With this attribute, you can now employ the pandas syntax to filter values in a pandas dataframe using the syntax:

df[df.index.month == value]

# Select all December data - view first few rows
boulder_precip_2003_2013[boulder_precip_2003_2013.index.month == 12].head()
DAILY_PRECIPSTATIONSTATION_NAMEELEVATIONLATITUDELONGITUDEYEARJULIAN
DATE
2003-12-010.0COOP:050843BOULDER 2 CO US1650.540.03389-105.281112003335
2004-12-010.0COOP:050843BOULDER 2 CO US1650.540.03389-105.281112004336
2004-12-220.2COOP:050843BOULDER 2 CO US1650.540.03389-105.281112004357
2004-12-240.1COOP:050843BOULDER 2 CO US1650.540.03389-105.281112004359
2005-12-010.0COOP:050843BOULDER 2 CO US1650.540.03389-105.281112005335
# Select all December data - view last few rows
boulder_precip_2003_2013[boulder_precip_2003_2013.index.month == 12].tail()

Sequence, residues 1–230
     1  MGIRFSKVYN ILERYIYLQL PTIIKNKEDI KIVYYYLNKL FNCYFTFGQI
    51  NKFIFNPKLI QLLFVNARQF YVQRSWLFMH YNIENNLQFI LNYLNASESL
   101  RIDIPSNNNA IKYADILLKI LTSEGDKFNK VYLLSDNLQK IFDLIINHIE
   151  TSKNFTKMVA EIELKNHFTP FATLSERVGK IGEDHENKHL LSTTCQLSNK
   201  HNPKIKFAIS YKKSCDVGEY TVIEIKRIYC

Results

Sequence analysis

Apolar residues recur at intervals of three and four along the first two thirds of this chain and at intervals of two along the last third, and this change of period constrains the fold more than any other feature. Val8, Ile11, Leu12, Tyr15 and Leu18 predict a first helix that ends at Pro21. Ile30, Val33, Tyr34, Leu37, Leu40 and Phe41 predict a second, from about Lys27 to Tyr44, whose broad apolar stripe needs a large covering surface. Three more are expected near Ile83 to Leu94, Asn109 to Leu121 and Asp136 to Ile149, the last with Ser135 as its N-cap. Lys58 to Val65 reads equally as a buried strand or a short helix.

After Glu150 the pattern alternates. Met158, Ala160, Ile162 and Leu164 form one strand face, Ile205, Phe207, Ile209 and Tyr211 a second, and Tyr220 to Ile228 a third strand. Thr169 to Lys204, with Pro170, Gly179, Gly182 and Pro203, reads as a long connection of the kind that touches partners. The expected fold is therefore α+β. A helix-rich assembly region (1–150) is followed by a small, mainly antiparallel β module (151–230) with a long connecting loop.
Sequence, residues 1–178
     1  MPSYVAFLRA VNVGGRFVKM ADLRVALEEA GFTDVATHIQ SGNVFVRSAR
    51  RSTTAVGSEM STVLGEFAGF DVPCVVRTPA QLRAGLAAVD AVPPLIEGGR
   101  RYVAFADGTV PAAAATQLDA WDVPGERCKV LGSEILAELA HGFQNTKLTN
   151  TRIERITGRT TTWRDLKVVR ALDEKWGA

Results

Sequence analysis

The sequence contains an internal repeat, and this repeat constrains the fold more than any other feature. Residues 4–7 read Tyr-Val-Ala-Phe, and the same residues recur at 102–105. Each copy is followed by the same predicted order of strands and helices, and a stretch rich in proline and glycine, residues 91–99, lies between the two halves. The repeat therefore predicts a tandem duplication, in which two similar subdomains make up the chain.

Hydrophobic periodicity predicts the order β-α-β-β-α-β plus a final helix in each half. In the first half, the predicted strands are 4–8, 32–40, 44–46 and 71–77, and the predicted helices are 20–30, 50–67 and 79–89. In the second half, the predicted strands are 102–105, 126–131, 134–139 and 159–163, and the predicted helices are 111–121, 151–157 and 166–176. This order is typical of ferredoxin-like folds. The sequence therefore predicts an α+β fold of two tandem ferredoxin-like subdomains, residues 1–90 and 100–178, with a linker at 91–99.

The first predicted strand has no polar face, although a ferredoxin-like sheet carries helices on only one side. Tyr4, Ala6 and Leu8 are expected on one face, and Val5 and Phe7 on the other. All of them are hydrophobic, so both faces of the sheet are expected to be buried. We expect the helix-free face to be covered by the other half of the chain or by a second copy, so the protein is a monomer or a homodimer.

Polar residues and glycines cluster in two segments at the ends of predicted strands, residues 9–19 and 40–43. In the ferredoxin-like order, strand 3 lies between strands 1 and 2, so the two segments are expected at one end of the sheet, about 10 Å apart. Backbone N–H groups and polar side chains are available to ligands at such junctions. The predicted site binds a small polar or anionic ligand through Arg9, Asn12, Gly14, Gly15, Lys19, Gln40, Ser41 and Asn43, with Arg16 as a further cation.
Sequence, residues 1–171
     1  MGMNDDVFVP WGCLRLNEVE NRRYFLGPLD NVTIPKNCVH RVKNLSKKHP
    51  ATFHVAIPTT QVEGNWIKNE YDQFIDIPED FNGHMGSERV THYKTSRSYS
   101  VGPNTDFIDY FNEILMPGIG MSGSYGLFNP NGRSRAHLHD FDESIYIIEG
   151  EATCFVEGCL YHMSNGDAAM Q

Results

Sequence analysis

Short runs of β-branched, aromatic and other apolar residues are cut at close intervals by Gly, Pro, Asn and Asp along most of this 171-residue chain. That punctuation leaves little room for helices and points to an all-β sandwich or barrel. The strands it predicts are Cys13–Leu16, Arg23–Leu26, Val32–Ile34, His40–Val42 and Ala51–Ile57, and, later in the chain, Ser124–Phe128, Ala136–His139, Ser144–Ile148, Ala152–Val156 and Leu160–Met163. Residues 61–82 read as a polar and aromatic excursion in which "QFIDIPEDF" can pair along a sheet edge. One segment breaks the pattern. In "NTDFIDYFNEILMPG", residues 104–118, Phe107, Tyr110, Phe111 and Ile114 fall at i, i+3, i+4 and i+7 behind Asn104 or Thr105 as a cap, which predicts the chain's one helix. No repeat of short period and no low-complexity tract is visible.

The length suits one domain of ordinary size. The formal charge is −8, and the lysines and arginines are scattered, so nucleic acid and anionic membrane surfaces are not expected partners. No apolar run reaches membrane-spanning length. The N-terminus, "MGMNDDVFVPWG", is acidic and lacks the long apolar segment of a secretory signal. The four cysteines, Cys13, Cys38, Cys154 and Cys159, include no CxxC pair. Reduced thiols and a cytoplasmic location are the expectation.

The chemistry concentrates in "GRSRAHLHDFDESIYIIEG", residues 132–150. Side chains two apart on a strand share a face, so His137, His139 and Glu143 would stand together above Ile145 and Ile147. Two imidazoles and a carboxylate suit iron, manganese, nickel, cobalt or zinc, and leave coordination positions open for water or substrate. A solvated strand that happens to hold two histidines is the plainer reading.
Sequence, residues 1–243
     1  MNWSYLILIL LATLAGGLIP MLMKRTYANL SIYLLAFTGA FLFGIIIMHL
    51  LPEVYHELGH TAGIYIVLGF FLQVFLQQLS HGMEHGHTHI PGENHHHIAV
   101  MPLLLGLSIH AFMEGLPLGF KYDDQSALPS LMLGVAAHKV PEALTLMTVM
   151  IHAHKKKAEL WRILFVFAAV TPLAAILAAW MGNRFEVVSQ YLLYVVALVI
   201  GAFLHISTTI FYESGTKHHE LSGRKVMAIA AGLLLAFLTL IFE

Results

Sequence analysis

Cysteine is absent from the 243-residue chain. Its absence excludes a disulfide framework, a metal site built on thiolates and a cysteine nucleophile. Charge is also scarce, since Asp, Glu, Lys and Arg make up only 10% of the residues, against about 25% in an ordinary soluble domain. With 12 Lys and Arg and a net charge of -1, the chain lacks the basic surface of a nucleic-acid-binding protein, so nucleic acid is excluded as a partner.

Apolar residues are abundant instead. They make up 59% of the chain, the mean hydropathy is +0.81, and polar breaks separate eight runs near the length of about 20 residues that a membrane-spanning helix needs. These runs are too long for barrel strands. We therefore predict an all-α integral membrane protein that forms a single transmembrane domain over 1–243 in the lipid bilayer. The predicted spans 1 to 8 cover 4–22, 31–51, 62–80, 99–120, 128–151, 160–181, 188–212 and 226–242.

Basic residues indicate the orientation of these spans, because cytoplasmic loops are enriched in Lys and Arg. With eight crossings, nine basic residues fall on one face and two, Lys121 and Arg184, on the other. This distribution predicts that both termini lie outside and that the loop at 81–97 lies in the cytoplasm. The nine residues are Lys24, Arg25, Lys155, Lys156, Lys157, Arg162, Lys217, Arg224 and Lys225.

DAILY_PRECIPSTATIONSTATION_NAMEELEVATIONLATITUDELONGITUDEYEARJULIAN
DATE
2013-12-040.4COOP:050843BOULDER 2 CO US1650.540.0338-105.28112013338
2013-12-220.0COOP:050843BOULDER 2 CO US1650.540.0338-105.28112013356
2013-12-230.1COOP:050843BOULDER 2 CO US1650.540.0338-105.28112013357
2013-12-290.0COOP:050843BOULDER 2 CO US1650.540.0338-105.28112013363
2013-12-310.0COOP:050843BOULDER 2 CO US1650.540.0338-105.28112013365

Notice that head() displays December records in 2003, while tail() displays December records in 2013.

Subset Pandas Dataframe By Day of Month

Similarly, you can the attribute day of the index to select all records for a specific day of the month as follows:

df.index.month == value

where the month values are numeric values ranging from 1 to 31, representing possible days of the month.